On the other hand, the Israelites are condemned for having too readily obeyed the impious edict of the king. For, when Jeroboam made the golden calf, they forsook the temple of God, and, in submissiveness to him, revolted to the new superstitions (1 Kings 12:28). With the same facility posterity had bowed before the decrees of their kings. For this they are severely upbraided by the Prophet (Hosea 5:11). So far is the praise of modesty from being due to that pretence by which flattering courtiers cloak themselves, and deceive the simple, when they deny the lawfulness of declining anything imposed by their kings, as if the Lord had resigned his own rights to mortals by appointing them to rule over their fellows, or as if earthly power were diminished when it is subjected to its author, before whom even the principalities of heaven tremble as suppliants. I know the imminent peril to which subjects expose themselves by this firmness, kings being most indignant when they are contemned. As Solomon says, “The wrath of a king is as messengers of death” (Prov. 16:14).
But since Peter, one of heaven’s heralds, has published the edict “We ought to obey God rather than men” (Acts 5:29), let us console ourselves with the thought, that we are rendering the obedience which the Lord requires, when we endure anything rather than turn aside from piety. And that our courage may not fail, Paul stimulates us by the additional consideration (1 Cor. 7:23), that we were redeemed by Christ at the great price which our redemption cost him, in order that we might not yield a slavish obedience to the depraved wishes of men, far less do homage to their impiety.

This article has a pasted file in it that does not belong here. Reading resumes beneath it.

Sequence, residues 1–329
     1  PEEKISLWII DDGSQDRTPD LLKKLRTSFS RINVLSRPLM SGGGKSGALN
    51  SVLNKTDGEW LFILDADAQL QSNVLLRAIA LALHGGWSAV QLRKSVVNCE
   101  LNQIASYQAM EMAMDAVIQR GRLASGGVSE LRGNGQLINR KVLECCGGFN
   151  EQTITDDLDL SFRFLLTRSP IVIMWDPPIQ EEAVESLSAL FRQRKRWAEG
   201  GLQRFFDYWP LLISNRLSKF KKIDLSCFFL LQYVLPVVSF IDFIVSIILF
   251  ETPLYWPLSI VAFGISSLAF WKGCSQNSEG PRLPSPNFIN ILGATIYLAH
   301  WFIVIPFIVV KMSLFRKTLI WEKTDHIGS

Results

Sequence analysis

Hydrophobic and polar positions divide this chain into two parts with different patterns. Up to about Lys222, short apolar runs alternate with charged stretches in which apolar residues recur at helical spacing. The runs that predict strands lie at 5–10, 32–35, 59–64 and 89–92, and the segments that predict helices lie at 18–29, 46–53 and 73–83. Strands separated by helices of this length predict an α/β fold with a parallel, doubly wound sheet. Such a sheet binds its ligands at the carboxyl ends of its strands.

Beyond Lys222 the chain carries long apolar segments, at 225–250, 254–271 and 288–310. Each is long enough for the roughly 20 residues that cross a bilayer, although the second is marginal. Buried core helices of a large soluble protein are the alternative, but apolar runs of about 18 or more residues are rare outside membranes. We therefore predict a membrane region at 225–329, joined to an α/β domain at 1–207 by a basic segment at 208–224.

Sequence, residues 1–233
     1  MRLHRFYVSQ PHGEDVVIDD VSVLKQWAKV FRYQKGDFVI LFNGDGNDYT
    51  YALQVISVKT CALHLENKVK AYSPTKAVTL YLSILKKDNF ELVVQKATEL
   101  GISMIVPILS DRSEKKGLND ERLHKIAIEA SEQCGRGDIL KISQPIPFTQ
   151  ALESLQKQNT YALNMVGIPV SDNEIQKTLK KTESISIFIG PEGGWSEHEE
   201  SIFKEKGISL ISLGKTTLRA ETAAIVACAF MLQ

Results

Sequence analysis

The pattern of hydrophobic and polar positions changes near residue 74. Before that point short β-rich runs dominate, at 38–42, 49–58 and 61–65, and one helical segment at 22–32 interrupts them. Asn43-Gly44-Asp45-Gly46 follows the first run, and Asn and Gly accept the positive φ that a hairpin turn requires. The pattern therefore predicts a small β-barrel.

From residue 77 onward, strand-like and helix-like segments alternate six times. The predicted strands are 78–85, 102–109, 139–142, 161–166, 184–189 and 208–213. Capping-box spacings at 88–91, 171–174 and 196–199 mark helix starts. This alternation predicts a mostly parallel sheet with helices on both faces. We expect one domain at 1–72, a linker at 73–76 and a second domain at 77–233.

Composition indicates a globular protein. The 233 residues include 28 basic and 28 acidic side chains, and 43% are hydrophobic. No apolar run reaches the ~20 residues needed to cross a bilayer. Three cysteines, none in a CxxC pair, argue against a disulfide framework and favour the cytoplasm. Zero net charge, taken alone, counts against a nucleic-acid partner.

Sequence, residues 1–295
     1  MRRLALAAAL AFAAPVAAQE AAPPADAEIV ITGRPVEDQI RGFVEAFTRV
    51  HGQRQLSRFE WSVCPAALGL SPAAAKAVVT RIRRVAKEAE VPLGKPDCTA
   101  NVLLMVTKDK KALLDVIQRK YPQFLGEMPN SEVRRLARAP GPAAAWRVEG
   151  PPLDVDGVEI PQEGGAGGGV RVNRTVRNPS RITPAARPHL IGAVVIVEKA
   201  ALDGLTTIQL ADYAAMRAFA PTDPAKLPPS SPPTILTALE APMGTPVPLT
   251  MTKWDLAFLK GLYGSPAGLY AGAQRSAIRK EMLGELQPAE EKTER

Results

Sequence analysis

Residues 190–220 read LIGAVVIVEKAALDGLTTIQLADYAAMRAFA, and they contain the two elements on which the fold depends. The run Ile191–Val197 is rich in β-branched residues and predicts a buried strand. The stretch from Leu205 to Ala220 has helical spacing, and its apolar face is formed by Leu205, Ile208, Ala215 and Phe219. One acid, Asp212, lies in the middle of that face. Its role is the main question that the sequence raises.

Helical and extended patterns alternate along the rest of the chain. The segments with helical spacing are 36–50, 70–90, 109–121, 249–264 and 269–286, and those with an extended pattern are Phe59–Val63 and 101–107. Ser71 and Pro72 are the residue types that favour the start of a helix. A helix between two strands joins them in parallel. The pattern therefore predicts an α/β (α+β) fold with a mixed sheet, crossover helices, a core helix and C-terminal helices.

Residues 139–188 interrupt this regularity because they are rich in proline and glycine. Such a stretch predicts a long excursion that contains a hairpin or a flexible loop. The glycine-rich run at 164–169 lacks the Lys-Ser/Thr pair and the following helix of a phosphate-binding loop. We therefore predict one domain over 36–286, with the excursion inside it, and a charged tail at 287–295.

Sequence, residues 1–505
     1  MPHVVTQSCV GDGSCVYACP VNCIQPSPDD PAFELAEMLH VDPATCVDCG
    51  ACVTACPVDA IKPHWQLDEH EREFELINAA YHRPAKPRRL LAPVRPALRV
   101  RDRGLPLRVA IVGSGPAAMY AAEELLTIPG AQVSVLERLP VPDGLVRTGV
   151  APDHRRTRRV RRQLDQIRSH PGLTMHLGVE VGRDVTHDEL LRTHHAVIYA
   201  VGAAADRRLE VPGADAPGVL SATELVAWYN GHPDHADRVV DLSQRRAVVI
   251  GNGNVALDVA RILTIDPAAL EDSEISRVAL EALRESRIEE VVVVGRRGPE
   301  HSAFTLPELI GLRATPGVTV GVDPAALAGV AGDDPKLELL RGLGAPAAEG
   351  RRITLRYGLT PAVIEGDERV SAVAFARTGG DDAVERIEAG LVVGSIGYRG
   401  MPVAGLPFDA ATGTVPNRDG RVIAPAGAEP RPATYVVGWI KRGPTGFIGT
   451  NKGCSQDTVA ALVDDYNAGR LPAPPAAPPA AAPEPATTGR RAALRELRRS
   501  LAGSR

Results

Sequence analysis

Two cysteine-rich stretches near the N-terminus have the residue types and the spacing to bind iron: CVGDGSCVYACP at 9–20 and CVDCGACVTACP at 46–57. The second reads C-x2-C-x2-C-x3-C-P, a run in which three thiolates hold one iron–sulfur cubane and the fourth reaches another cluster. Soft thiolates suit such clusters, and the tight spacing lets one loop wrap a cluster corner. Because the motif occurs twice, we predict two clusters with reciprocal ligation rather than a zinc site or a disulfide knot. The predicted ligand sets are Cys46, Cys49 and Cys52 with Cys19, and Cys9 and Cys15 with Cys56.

In our cultural moment, this admonition – Calvin’s final exhortation to the church in the Institutes – ought to be taken as seriously as his powerful exposition of the mode of obtaining the grace of Christ.
Calvin was a great man, but he was only a man with feet of clay like the rest of us and as prone to mistakes and errors as we are. That is why a slavish devotion to the thought of any man, be they pastor, epidemiologist, historian or theologian should be avoided as a form of idolatry. The final test, as Calvin himself knew and taught, must always be the Word of God, “To the law and the testimony! If they speak not according to this word, for them there is no daybreak” (Is. 8:20). What better place to conclude than with that very Word?
“But as for Me, I have installed My King
Upon Zion, My holy mountain.”
“I will announce the decree of the Lord:
He said to Me, ‘You are My Son,
Today I have fathered You.
Ask it of Me, and I will certainly give the nations as Your inheritance,
And the ends of the earth as Your possession.
You shall break them with a rod of iron,
You shall shatter them like earthenware.’”
Now then, you kings, use insight;
Let yourselves be instructed, you judges of the earth.
Serve the Lord with reverence
And rejoice with trembling.
Kiss the Son, that He not be angry and you perish on the way,
For His wrath may be kindled quickly.
How blessed are all who take refuge in Him! (Ps. 2:6-12)
… he worked in Christ when he raised him from the dead and seated him at his right hand in the heavenly places, far above all rule and authority and power and dominion, and above every name that is named, not only in this age but also in the one to come. And he put all things under his feet and gave him as head over all things to the church, which is his body, the fullness of him who fills all in all. (Eph. 1:20-23)
 John Calvin, Institutes of the Christian Religion, translated by Henry Beveridge. Grand Rapids, MI: Eerdmans, 1953, (Prefatory address).
 Ibid. (4.20.32)